I remember every detail of the afternoon I cracked, because it was the day I really changed. It was sunny and bright out, but the light had the cold slant of the coming fall. I was wearing my first pretty dress. It cost $140 from LF Stores on Spring Street, which was then and is now a lot of money for me. It was a babydoll dress, and I still have it. Creamy cotton with lacy cap sleeves. I'd paired it with my cheap patent-leather mary janes from Target that people literally stop me on the street to ask me where I bought them.... just like in that DSW ad. I had come from a casting, which I hadn't gotten, but I was flush with the victory of having survived the experience. I used to practically faint at castings when I started off I was so nervous. He didn't notice or care that I was all dressed up. He had a sour look on his face; I can't remember why. I think I was late? His novel was consuming all his time and energy, and he thought the modeling, the dress, everything about me was...stupid. I could see it on his face, his judgment writ large. Suddenly, I didn't care. I didn't need or want his approval. I had never been so good at anything as I was at modeling and acting. Maybe it wasn't a highly intellectual activity of stunning universal importance, but it made me feel good. It made me feel brave. It cracked me out of the shell that had kept me in relationships with guys like him my whole life-- whether it was victim to bully as I'd been in school or put-upon girlfriend to dominant, controlling boyfriend as I'd become in later life.
When I finally broke up with him after innumerable arguments and attempts to talk things out, I kind of just walked out. Words, words, words hadn't gotten me anywhere with him. So I just left. "Where are you going?" he snarled at me. I didn't answer. If I'd answered, he'd have countered with one of his stunningly painful and perceptive anecdotes about human behavior. He had us all figured out; he would have put my behavior into the perception machine he and the Ivy League together had put so much oil and money and time into squeezing the universe into a Harvard/John Doe ball he could put his stamp on and he would have owned my actions, too. He would have stamped on me. So I fled. Of course he had to get the last word. He sent me an email later that day telling me I was too stupid for him anyway. I was flabbergasted. No one had ever called me stupid before. On two hands I couldn't count how many times I'd been called "ugly"... but "stupid"? Me. The nerd. The geek. The straight-A student in the gifted programs who spent her summers in nerd camp learning German? Who thought no boy would ever even want to kiss her pale, pasty face? Never. I'd always been the career-focused go-getter in the shapeless sweater and glasses....could a cream-colored babydoll dress really confuse male perception that much? Could it really transform me? By dressing in the pretty pretty princess dresses of my youth was I making myself stupid?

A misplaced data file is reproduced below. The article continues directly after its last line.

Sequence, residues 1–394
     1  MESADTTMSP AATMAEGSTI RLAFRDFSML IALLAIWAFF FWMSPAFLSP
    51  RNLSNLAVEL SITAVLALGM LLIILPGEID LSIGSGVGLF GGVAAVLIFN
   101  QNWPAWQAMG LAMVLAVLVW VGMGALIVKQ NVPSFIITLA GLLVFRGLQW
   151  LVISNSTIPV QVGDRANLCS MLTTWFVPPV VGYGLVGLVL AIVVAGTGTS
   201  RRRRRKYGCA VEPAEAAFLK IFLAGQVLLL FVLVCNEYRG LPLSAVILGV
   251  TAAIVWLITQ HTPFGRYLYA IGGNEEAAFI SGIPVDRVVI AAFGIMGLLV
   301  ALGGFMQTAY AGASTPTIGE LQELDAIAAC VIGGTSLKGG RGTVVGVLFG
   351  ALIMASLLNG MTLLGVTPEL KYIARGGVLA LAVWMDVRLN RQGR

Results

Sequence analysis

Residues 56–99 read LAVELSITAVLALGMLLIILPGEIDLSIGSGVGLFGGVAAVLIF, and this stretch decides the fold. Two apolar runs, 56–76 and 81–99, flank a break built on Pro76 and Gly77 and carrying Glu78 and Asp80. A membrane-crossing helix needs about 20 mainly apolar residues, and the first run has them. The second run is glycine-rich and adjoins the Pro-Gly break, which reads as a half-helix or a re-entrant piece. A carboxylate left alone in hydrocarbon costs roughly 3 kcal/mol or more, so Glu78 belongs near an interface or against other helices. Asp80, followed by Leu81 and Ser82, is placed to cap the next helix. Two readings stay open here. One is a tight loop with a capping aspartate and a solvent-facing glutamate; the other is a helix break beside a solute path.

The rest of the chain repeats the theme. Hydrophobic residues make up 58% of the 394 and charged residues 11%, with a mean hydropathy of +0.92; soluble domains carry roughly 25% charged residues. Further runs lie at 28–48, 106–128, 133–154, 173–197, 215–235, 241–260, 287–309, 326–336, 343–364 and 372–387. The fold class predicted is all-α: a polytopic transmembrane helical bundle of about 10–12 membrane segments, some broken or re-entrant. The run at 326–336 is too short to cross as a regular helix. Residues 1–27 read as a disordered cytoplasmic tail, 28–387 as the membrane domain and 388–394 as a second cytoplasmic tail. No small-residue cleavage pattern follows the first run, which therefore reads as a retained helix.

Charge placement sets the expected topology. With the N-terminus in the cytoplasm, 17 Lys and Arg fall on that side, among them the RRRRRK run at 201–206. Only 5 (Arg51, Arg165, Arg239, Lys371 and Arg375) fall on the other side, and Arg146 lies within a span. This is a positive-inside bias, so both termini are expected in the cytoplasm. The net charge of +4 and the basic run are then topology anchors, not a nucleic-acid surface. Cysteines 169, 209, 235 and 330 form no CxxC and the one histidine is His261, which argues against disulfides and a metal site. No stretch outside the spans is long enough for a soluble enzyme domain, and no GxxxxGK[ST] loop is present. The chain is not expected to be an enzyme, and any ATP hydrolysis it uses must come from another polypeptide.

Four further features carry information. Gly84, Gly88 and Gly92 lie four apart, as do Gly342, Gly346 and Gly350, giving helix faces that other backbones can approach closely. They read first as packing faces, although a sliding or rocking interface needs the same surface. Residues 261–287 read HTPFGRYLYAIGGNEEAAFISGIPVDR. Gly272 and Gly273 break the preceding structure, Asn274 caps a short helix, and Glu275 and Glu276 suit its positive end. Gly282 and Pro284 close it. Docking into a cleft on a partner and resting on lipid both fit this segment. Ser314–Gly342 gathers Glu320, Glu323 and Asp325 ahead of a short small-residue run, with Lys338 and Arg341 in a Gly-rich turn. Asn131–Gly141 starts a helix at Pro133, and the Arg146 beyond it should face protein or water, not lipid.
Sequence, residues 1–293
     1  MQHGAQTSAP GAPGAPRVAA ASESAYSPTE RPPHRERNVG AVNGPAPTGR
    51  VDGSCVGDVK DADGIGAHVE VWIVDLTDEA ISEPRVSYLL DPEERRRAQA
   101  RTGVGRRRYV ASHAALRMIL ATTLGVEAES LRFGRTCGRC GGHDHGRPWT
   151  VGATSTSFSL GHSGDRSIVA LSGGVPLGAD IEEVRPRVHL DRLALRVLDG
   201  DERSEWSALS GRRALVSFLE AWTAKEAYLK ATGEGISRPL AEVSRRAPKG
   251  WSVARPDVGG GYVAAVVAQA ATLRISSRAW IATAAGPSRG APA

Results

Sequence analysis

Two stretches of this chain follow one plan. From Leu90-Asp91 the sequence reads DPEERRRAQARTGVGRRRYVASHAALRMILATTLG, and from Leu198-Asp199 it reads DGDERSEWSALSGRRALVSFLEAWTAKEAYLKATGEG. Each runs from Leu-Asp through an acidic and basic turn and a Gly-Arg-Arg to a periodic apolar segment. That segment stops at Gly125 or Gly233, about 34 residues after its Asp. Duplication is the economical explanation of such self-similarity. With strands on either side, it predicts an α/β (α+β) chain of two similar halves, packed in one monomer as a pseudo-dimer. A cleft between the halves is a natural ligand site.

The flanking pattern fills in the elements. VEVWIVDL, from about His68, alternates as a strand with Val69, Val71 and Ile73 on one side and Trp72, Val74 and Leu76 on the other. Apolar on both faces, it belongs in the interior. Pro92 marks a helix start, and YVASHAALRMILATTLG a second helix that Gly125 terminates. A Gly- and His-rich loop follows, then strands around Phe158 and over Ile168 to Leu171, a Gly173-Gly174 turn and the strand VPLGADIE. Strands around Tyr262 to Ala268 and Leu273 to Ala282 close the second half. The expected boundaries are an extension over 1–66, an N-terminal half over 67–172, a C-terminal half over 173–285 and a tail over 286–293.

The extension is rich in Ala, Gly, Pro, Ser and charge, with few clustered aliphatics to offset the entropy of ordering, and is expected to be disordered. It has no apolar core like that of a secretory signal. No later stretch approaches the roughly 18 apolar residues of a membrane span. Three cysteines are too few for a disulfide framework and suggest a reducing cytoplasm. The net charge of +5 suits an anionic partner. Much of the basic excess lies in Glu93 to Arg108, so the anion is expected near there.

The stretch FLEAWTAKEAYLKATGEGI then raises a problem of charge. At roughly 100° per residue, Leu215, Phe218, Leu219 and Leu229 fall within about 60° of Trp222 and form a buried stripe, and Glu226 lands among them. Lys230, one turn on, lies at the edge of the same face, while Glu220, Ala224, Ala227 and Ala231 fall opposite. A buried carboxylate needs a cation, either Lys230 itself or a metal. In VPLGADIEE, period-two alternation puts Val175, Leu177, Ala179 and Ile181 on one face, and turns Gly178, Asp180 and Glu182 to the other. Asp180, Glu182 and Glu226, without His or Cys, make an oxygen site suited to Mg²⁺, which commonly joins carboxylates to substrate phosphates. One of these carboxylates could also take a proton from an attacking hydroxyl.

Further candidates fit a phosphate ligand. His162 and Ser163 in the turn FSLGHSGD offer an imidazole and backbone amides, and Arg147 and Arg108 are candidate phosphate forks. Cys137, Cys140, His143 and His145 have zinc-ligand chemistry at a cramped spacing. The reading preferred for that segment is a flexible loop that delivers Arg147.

Where once my outside had attracted all the criticism, suddenly by changing the focus of people's perceptions my inside was under attack for the first time.
I realized as well that the act of putting on a pretty dress was as political an act as anything else I'd ever done. It was thumbing my nose to the puritanical notion that a pretty pretty pretty dress meant a pretty stupid person underneath it. I realized as well that the painful and hilarious perceptive capacities of someone like my ex-writer boyfriend were more limiting than liberating. That dress didn't and doesn't define me; it only expresses a longing in my heart to wear pretty things and express my own notions of what is aesthetically appealing.
I remember the next time I put on my pretty dress, I thought of what he said. It hurt then, of course, but I looked at my pretty dress in the mirror and I still liked it.
And I still wear it from time to time.